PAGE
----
Monday, April 25

On this Day in Black History

1599 - Oliver Cromwell born
1821 - The African Company performed Shakespeare's Richard III in New York City.
1831 - The New York and Harlem Railway was incorporated in New York City.
1872 - Minnie Lee Crosthwaite born
1874 - Guglielmo Marconi born
1917 - Esther Swirk Brown born
1918 - Ella Fitzgerald born
1923 - Albert Nelson (Albert King) born
1928 - Vassar Clements born
1932 - Gator Jackson born
1932 - Meadowlark Lemon born
1933 - Jerry Leiber born
1940 - Al Pacino born
1942 - Rubye Smith born
1944 - George Herriman (Krazy Kat) died
1944 - UNCF was incorporated
1944 - Dr. Frederick D. Patterson, President of (then) Tuskegee Institute, launched UNCF’s first national campaign to raise funds for twenty-seven small private, historically black colleges and universities.
1947 - Jackie Robinson joined the Brooklyn Dodgers, becoming the first Black in the major leagues in modern times.
1950 - Charles "Chuck" Cooper became the first Black ever drafted by an NBA team (Boston Celtics)
1953 - "Nature" published an article by biologists Francis Crick and James Watson, describing the "double helix" of DNA.
1959 - Mack Parker is taken from jail by vigilantes in Poplarville, MS and lynched.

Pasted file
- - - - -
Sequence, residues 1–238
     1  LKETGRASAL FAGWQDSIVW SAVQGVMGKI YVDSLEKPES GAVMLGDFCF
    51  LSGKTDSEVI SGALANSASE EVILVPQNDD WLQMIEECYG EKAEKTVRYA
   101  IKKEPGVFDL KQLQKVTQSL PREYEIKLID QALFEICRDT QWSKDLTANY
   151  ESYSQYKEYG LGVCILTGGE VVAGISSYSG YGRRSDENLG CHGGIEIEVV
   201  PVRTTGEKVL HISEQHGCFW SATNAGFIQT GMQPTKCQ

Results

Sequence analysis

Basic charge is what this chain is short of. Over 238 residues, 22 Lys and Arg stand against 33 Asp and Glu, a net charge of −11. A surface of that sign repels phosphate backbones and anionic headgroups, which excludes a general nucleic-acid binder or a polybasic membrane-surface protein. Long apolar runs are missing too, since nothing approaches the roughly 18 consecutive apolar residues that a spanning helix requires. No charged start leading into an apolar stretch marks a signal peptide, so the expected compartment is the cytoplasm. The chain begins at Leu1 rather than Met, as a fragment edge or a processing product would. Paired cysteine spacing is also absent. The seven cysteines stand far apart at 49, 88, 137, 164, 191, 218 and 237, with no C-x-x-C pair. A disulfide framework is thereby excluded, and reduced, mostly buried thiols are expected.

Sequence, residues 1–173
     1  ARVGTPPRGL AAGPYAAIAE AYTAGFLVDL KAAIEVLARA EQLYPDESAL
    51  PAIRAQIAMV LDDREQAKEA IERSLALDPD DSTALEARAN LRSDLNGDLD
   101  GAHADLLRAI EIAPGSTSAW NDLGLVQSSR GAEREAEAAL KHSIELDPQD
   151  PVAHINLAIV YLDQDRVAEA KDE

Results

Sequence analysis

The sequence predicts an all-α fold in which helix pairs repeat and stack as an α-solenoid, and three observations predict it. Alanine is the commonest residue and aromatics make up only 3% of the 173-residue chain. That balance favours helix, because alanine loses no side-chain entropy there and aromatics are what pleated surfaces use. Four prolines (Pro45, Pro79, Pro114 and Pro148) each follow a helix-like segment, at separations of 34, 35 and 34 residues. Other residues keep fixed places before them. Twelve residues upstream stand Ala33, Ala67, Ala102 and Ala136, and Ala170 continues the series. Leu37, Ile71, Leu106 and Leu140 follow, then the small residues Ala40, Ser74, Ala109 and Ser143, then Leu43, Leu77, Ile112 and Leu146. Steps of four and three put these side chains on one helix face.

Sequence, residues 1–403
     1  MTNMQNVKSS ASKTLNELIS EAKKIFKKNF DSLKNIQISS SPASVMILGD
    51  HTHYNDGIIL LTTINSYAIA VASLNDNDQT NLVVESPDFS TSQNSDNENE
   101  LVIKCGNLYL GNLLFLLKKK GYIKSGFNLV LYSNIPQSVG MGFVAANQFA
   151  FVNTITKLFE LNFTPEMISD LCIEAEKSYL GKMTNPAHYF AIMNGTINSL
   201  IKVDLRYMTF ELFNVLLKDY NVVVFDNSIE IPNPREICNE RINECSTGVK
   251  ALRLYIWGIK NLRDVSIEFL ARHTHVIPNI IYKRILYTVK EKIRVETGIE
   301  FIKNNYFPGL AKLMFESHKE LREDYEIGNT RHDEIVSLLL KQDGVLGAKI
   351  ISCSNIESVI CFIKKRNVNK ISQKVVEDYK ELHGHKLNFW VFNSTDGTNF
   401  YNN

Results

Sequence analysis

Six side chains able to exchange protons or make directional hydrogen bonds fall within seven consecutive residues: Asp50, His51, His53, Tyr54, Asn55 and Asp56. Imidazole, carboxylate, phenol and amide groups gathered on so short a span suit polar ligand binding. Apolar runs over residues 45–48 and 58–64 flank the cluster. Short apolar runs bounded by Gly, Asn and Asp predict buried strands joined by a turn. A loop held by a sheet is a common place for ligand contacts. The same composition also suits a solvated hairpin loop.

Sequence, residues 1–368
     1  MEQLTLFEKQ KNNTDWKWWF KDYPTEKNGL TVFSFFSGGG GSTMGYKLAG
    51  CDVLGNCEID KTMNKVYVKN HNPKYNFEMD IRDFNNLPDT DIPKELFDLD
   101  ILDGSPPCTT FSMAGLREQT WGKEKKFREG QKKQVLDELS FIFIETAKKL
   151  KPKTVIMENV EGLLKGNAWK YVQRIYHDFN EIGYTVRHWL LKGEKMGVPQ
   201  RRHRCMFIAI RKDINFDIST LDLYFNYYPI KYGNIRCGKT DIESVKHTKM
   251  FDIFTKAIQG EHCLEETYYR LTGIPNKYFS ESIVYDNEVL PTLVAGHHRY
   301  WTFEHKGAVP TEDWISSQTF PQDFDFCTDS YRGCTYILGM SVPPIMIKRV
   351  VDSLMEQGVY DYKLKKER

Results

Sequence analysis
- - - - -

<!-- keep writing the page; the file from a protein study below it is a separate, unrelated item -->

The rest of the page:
1960 - Consent judgment in Memphis federal court ended restrictions barring voters in Fayette County, TN. This was the first voting rights case under the Civil Rights Act.
1963 - Freedom Riders begin to test Southern compliance with court decisions.
1972 - Major General Frederic E. Davison was assigned command of the 8th Infantry in Europe; becoming the first African-American to lead a U.S. Army division
1974 - Gregg Allman's Solo Tour ended with a 90-minute encore featuring the Allman Brothers Band.
1990 - Dexter Gordon died
1999 - Roger Troutman died
2001 - Rev. Leon Sullivan, author of the Sullivan Principles, died
2002 - Lisa "Left Eye" Lopes (TLC) was killed in a car crash.
2003 - Winnie Madikizela-Mandela was sentenced to four years in prison for her conviction on fraud and theft charges.
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